The South Sea bubble was the great crisis of the financial revolution. The rapid rise of the South Sea Company’s share price in late spring and early summer 1720, followed by its even more dramatic collapse in late August through to early September, instantly became the stuff of myth and legend. News of events in London quickly spread, not just across England and Wales, or even to Scotland and Ireland, but also across the Channel to the European continent and beyond. The reverberations of the London stock-market crash were felt in major and minor financial markets: in Amsterdam, Paris and...

  11. 4 ‘Most of Our Money of This Kingdom is gone over to the South Sea’: Irish Investors and the South Sea Company
    (pp. 85-110)

    In 1723 George Berkeley, then a fellow of Trinity College Dublin and already a renowned philosophical thinker, received an unexpected bequest from a woman he had never met. It was for the not insubstantial sum of £2,000 and was partly derived from the profits of a successful investment in the South Sea Company during 1720.¹ Berkeley may not have been acquainted with his benefactor but she is well known to posterity. She was Esther Van Homrigh, the daughter of a prominent Dublin merchant and politician of Dutch origin. She is, however, better remembered as Jonathan Swift’s ‘Vanessa’ in which capacity...

  12. 5 ‘Nothing here but Misery’? The Economic Impact of the South Sea Bubble on Ireland
    (pp. 111-124)

    In autumn 1720 the South Sea bubble burst. The company’s share price tumbled, falling from a high of £950 per share in mid-July to £200 by the end of September. This dramatic collapse caught the imagination of contemporaries who were eager to understand and discuss both the reasons for the rapid crash, and its impact. Such debates were, of course, heard in the coffee-houses and ‘walks’ of Exchange Alley and the Royal Exchange in London, but they were also heard elsewhere across Britain, Ireland and even further afield, as word of the stock-market crash spread. The news circulated in many...

  13. 6 ‘A Thing They Call a Bank’: Irish Projects in the South Sea Year
    (pp. 125-142)

    During the first week of May 1720 a proposal was published in Dublin addressed to ‘the Nobility, Gentry and Commonalty of this Kingdom of Ireland’, calling for the establishment of a national bank. The proposed bank would address several contemporary economic grievances including the drain of Irish money to the South Sea Company. Public subscriptions were called for to raise the £500,000 capital believed to be necessary for its operation and subscribers’ names were to be collected daily in the Merchant’s Coffee House in the city from 19 May until the subscription was filled.¹ This was the beginning of a...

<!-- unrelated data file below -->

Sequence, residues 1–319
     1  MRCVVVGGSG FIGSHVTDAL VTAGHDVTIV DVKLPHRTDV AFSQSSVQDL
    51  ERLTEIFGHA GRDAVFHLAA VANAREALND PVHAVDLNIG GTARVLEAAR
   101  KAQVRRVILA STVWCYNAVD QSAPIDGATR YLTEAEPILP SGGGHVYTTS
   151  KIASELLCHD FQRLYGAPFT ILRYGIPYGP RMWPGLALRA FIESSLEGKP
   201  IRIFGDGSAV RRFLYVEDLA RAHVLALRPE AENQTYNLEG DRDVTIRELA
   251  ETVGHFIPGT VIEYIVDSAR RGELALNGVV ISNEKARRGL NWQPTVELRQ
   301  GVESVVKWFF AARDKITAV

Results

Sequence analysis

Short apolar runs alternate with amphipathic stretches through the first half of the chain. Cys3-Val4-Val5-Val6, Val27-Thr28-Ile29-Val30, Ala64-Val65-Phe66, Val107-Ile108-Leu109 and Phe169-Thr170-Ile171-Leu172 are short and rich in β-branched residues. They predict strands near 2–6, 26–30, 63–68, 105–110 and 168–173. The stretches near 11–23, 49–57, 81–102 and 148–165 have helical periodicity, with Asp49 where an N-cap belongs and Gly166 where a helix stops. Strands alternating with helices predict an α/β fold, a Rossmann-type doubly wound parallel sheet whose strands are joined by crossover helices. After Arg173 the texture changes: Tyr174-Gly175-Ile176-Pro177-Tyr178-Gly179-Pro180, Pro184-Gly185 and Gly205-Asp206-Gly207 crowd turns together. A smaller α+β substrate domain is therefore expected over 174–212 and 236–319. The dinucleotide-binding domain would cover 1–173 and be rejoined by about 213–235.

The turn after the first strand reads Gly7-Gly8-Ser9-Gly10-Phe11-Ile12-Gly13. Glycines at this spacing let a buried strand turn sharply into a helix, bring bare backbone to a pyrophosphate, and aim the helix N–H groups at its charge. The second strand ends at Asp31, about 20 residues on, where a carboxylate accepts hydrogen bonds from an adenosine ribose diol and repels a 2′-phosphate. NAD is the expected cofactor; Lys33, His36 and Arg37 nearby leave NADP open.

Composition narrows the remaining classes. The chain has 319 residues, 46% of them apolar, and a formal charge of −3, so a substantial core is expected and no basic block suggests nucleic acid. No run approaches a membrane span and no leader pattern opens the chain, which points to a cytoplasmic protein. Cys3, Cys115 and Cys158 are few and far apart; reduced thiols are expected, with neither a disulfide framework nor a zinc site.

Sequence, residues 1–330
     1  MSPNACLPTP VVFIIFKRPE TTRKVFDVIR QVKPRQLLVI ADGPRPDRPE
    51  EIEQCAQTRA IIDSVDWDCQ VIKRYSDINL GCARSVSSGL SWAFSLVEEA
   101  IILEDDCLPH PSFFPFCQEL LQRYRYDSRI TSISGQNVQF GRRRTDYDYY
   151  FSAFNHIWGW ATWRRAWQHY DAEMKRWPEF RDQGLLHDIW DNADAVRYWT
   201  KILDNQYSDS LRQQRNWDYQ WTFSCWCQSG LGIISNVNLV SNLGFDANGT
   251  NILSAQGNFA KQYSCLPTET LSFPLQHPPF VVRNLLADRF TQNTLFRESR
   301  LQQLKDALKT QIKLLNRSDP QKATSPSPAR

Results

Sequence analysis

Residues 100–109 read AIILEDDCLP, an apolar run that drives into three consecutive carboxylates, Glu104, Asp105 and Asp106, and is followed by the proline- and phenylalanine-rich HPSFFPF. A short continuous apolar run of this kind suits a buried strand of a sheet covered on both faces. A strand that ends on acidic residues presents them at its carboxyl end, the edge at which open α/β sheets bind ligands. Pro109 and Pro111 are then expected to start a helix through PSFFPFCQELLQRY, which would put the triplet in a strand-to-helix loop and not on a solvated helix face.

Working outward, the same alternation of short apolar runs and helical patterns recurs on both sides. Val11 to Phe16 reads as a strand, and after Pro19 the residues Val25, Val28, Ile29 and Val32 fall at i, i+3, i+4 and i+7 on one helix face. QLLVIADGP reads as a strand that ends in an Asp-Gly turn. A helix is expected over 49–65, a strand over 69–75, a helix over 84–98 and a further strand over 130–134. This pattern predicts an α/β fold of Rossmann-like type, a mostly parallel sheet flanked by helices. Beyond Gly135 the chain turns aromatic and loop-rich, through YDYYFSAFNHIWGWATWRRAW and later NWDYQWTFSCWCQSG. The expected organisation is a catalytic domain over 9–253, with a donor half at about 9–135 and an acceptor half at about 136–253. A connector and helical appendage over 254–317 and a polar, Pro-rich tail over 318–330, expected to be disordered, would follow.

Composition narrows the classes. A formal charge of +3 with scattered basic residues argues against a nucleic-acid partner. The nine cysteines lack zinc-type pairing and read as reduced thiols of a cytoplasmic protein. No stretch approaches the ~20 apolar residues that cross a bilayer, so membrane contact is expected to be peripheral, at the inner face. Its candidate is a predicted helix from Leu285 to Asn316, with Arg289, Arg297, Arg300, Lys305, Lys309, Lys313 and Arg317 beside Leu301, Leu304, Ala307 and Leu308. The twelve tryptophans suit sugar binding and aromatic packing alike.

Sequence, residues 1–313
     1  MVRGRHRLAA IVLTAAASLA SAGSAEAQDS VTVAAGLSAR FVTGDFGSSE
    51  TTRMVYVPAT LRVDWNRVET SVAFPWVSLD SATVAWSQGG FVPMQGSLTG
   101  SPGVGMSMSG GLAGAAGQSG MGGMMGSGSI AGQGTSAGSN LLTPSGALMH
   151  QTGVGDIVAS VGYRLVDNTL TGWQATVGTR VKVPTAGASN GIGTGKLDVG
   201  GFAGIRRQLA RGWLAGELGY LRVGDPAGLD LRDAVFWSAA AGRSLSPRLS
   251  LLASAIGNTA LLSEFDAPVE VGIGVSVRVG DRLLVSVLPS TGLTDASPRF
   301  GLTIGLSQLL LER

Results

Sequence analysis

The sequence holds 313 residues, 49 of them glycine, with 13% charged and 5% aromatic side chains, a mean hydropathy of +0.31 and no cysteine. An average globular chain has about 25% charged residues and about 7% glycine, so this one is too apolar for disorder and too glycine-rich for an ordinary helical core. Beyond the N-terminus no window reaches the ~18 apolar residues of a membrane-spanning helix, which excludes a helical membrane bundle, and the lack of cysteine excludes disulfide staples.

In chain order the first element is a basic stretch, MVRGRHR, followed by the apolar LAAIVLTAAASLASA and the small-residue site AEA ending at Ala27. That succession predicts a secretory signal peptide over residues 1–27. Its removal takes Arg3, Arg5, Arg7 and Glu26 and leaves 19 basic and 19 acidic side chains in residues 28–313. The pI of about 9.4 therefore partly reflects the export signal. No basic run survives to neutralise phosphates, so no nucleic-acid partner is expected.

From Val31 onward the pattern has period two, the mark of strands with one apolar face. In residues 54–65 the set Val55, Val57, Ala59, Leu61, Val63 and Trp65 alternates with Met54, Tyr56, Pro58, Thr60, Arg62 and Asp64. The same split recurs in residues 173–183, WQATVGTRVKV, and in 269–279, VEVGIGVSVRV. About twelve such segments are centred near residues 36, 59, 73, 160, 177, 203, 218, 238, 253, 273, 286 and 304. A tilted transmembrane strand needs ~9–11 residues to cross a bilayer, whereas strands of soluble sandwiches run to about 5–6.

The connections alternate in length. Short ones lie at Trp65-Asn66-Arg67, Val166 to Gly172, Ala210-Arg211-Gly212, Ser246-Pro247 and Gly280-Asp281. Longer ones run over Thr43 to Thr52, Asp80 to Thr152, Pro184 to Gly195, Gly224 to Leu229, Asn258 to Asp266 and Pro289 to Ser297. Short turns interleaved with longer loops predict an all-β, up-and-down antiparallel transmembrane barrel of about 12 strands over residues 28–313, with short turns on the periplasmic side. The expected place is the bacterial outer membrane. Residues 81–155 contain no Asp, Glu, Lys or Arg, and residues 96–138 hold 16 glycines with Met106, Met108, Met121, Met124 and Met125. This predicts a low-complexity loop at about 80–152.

14. 7 The Proposals for a National Bank and the Irish Investment Community in 1720
    (pp. 143-162)

    The various proposals for an Irish national bank in 1720–21 were ultimately unsuccessful. Nevertheless, the history of the project reveals much about both the impact of the financial revolution on Ireland and the effect of the South Sea bubble on that kingdom. Chapter 6 has shown how the various bank projects’ initial fortunes rose and fell in tandem with the South Sea Company’s share price. Meanwhile, chapter 8 shows how the debates about the bank, both within and without the Irish parliament in autumn 1721, were influenced and informed by alternative readings of the London and Paris bubbles. These...

  15. 8 ‘A Strong Presumption That This Bank May be a Bubble’: Misreading the Bubble and the Bank of Ireland Debates, 1721
    (pp. 163-180)

    In September 1721 the Irish parliament sat for the first time in almost two years. Much had changed since its last meeting. The passage of the Declaratory Act at Westminster in April 1720 had seen the British parliament reassert its legislative and constitutional superiority over its Irish counterpart. The South Sea bubble had also burst with consequences for British and Irish politics. In London, the political fallout that followed the stock-market crash had led to a changing of the guard at the apex of British politics with Sir Robert Walpole successfully manipulating the crisis to establish himself asde facto...

  16. Conclusion
    (pp. 181-182)

    In March 1733, on reporting the death of Sir Ralph Gore – the long-time chancellor of the Irish exchequer and one-time national bank promoter – a leading Irish politician, Marmaduke Coghill, noted with some surprise that Gore had ‘no ready money or any out on securities’.¹ Almost thirteen years after the South Sea bubble, it was clearly expected that members of the Irish elite would have some of their wealth laid out in stocks or securities, whether in London or Dublin. This is evident from other sources too. The diaries for the same period of John Perceval, now 1st Earl...

  17. Bibliography
    (pp. 183-198)
  18. Index
    (pp. 199-204)
  19. Back Matter
    (pp. 205-205)